Unfortunately, one organ-fuguing tune, and other works for the instrument, came off as labored and tedious, which might have been attributable to the recalcitrant instrument in the old Army chapel at San Francisco’s Presidio, where the second evening’s show took place. According to Other Minds Director Charles Amirkhanian, promised repairs were never made, which left poor Sandra Soderlund struggling to play while audibly fiddling with the stops. When she rerecords the four (all these performances, by the way, will be available on Other Minds’ absolutely invaluable RadiOM Web site), we’ll hear whether better circumstances can rescue the dreary Ground & Fuguing Tune and the other Cowell organ works.
An American Classic, and It Rocks Anyone hearing the finest work of the entire program, Set of Five (1952), could be forgiven for assuming it was written by one of those descendants, perhaps Cowell’s protégé-cum-colleague Harrison, so winningly does it combine piano (played by Julie Steinberg), violin (David Abel), and percussion (William Winant). Whether because of their virtuosity, their familiarity with the piece (the trio recorded it for New Albion in 1991), or the presence in the audience of its original violinist, the still-effervescent Anahid Ajemian, this performance rocked. An American classic, Set of Five seamlessly embraces elements from throughout Cowell’s career, from tone clusters to American hymnody to non-Western techniques, and, like Harrison’s best works, does so in a completely organic and universally appealing way.
As powerful and even revelatory as some of his music sounded over both nights, Cowell’s greatest contributions to music lay elsewhere. The books, journals, correspondence, programs, announcements, photos, and other material collected in Other Minds’ exhibition, which are available for viewing outside both concerts, showed how connected Cowell was to American music’s most creative composers (Cage, Harrison, Charles Ives, and many others in his Bay Area and New York City circle), to important performers (for example, the piano and violin sibling team of Maro and Anahid Ajemian, who premiered several important midcentury American works), and to music figures outside the U.S.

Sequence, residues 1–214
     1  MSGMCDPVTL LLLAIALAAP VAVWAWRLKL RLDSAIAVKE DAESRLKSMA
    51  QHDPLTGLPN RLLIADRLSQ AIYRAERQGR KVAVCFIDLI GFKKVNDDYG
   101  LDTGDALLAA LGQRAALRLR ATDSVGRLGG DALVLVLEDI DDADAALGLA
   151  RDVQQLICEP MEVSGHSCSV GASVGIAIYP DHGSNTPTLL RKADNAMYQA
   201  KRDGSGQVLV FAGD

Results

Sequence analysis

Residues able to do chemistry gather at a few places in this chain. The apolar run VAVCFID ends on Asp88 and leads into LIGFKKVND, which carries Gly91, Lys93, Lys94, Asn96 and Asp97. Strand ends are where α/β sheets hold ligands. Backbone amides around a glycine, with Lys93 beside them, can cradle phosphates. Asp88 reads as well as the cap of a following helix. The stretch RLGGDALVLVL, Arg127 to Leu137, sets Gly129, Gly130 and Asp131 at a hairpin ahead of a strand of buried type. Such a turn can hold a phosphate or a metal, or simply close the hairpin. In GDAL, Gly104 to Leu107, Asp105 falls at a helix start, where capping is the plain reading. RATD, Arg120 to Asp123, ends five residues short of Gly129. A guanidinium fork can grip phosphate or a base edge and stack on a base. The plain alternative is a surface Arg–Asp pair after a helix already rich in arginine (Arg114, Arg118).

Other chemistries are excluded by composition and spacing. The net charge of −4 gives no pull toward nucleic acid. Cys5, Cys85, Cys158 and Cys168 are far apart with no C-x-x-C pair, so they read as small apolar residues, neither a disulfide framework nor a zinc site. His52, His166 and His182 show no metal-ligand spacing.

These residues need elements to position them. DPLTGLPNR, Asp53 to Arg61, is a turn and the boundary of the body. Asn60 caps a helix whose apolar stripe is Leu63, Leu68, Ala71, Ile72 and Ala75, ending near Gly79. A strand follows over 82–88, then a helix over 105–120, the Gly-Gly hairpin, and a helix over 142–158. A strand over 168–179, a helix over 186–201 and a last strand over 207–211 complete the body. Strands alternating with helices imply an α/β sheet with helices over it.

Cowell played a major role in bringing world music to the attention of American musicians and audiences; exposed composers to important new works by their contemporaries via the journals he created (New Music Edition and New Music Quarterly) and also through his courses in the Bay Area and New York’s New School and books such as New Musical Resources; and gave composers new and powerful ideas. Cage and Harrison, among others, built on his ideas to create their own pioneering work in percussion, prepared piano, aleatoric, and Asian-Western classical fusion. As even the smattering of documents here demonstrates, by connecting composers with performance and publishing opportunities, and also with their peers and other contemporary music they might not have otherwise discovered, Henry Cowell played a vital role in 20th-century American music.
The country owes Other Minds and its dedicated performers a significant debt for bringing Cowell’s contributions — and above all, his criminally underheard music — back to his home territory, and soon, via the magic of the Series of Tubes, to the world.